This should be interesting. My nature is to cart, if not all of my equipment, as much of it as possible on any trip I take. While this is tolerable for road trips, it is less practical when taking a plane. In about a week, I will have to make a big decision about what to take with me for a 17-day trip through Italy.
My wife and I decided we are only taking a single carry on bag each. No checked luggage. We were originally going to take the train everywhere so travelling light made sense. After getting a great deal on a rental car, we decided to stick with the original plan.
And oh, it is our honeymoon, not a photographic adventure.
I’ve travelled through Turkey and Israel with a backpack and a point-and-shoot. I was in transition between film and digital and had disposed of my extensive collection of Olympus gear and determining what to invest in. I learned one thing on those trips. I got great pictures without lugging around a lot of gear I didn’t use. Shortly afterwards I invested in a Nikon D60 (now a D300s) and as I acquired more equipment, I slowly forgot this lesson.
So, what to take to Italy. I set myself a two lens limit. I use a 35mm f1.8 for indoor and low light photography quite a lot. On a recent trip to Quebec City, I walked around in the late evening with it using a high ISO and got some wonderful shots. I also use this lens for indoors use, though I wouldn’t mind getting a 24mm to widen the view on the crop sensor. So I’m pretty sure this is going over my 50mm f1.4 despite how much I love that lens.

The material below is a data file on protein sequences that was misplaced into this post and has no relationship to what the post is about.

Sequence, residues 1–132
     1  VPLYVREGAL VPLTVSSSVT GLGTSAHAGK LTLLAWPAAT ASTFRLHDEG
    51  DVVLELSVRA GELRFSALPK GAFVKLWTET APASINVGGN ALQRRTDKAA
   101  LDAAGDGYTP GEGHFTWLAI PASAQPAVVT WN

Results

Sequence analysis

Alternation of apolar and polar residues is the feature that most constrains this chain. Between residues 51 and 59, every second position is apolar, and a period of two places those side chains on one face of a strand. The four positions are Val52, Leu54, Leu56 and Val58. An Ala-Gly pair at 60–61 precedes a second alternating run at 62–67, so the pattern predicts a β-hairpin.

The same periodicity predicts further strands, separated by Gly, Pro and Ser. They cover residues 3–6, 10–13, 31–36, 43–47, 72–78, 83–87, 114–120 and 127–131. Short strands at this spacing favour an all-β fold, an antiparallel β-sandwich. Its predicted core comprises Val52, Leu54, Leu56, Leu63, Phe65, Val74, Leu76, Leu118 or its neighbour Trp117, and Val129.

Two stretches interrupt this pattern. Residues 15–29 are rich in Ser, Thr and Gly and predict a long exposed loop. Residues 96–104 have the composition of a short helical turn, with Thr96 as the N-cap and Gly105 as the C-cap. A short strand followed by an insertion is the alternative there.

I think my main lens will be my 24-120mm f4 zoom. It is a nice size (not too heavy or long) is versatile. I have a 70-300mm I like, but I am leaving it behind. This gives me two lenses that cover most of what I will experience.
Most. In project management it is called scope creep, when you start to expand beyond the original parameters. In my case the two lens limit. I am sorely thinking of taking my 10-24mm zoom as well. It will fill in a focal range I think might be of value in some of the cities and towns.
But I think this is just me trying to cover every eventuality. It happens when I don’t focus on a theme for a trip so I try to capture everything. Perhaps, because it is my honeymoon romance would be a theme? I think that would be helpful in my selection of equipment.
A priest organized the trips to Turkey and Israel. I was the secret (or not so secret) non-Catholic on the trip. He reminded us to take our eye away from the camera occasionally to make sure we enjoyed the moment. Good advise, I think.